SALT LAKE CITY — Governor Spencer Cox continues to push for the state to speed up COVID-19 vaccination plans, including offering more state resources to get shots into arms.
On Thursday, the governor offered the Utah National Guard up to help understaffed local health departments as they prepare for a big push to inoculate people over the age of 70.
"Don’t wait. Don’t ask," Gov. Cox said. "Do it and send us the bill and we will pay for it."
Gov. Cox has become increasingly aggressive about vaccine efforts across the state. He is demanding hospitals, clinics and local health departments exhaust their supply of limited doses each week. It will allow the state to request more from the federal government.
"In the course of one week, we have basically doubled the amount of vaccines that we have administered," he announced on Thursday.
Lt. Governor Deidre Henderson has been traveling the state to visit local health departments to offer additional resources. During one visit to a rural health department, she found that nurses were doing data entry after a long day of vaccinating people to meet state demands for reporting the number of doses administered. She offered resources to take that pressure off the nurses.
"The state is fully behind them and we are here to remove and help with any barriers that might be getting in their way of getting these shots in arms as quickly as possible," she told reporters on Thursday.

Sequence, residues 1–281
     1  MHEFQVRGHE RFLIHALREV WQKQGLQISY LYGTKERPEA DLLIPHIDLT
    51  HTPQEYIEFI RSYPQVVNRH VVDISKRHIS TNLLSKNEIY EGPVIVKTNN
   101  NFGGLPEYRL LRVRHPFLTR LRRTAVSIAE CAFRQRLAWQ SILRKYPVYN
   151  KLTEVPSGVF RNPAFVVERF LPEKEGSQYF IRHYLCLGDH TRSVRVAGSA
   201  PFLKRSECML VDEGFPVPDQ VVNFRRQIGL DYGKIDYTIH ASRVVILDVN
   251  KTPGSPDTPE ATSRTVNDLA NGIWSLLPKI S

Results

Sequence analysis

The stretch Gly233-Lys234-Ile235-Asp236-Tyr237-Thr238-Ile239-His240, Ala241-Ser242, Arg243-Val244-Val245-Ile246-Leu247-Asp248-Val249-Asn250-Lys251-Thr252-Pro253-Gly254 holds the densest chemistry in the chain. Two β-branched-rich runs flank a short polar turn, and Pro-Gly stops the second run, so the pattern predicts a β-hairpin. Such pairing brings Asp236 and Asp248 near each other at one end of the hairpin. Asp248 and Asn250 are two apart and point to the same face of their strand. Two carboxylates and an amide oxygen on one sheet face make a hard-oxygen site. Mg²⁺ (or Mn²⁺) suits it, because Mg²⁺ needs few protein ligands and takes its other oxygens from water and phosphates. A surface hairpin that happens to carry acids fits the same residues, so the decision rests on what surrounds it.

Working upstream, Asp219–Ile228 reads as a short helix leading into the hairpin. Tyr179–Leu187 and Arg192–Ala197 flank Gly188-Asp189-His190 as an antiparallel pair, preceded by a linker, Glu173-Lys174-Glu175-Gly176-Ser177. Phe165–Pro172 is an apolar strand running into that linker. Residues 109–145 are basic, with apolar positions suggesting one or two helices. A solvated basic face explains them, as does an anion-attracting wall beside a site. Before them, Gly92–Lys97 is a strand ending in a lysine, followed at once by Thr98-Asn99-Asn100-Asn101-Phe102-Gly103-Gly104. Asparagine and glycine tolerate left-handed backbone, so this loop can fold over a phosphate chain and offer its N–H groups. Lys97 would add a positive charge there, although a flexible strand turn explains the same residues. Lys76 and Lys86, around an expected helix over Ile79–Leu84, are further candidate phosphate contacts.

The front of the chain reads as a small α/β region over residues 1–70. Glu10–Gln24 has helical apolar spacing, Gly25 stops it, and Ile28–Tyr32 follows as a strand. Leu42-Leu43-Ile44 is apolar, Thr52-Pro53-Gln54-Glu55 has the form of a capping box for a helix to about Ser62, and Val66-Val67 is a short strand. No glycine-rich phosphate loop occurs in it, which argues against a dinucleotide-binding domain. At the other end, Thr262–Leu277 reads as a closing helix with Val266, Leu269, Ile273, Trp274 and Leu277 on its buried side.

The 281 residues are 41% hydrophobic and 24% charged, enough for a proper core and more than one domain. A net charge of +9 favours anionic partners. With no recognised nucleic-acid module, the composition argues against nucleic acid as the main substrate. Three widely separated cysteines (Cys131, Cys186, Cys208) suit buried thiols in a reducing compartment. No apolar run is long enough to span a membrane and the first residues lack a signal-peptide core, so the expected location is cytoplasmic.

But the vaccine rollout has been bumpy. As local health departments prepare to vaccinate Utahns over the age of 70, some have complained of appointment scheduling websites that don't work or miscommunication. Lt. Gov. Henderson said many Utahns over 70 don't have email addresses or want to talk to someone in person to answer questions about the vaccine.
Gov. Cox praised the Salt Lake County Health Department, whom he said worked "around the clock" to fix technological problems. He also urged patience.
The federal government has given guidance to states to lower the age of those eligible for the COVID-19 vaccine now to 65. Gov. Cox said he would not.
"We have so many people 70 and older who want the vaccine that adding 65 to the mix would not change anything," he said. "There would be no availability we don’t have enough vaccine assigned to the state of Utah over the next several weeks."
As FOX 13 first reported earlier this week, Utah's Department of Health has already taken vaccine doses from local hospitals to give to educators and long-term care facilities, temporarily leaving some lower-tiered hospital workers without any vaccine supply.
At the same time, the governor has ordered expanded COVID-19 testing across the state. Utah has sought out additional vendors and supply. Now, anyone with symptoms can seek out a test through testutah.com, said state epidemiologist Dr. Angela Dunn.
On Thursday, Dr. Dunn said Utah was seeing some declines in cases and positivity rates. That's good news.
"We need to keep slowing the spread of covid. Our hospitals continue to be overwhelmed. So thank you for doing your part, but please continue to do it," she said, urging people to continue to wear face masks in public, practice social distancing, good hygiene and staying home when sick.
The Governor's Office of Economic Development offered a new round of business loans for Utah companies struggling during the COVID-19 pandemic. Businesses can find out more information on Personal Paycheck Program loans at coronavirus.utah.gov/business.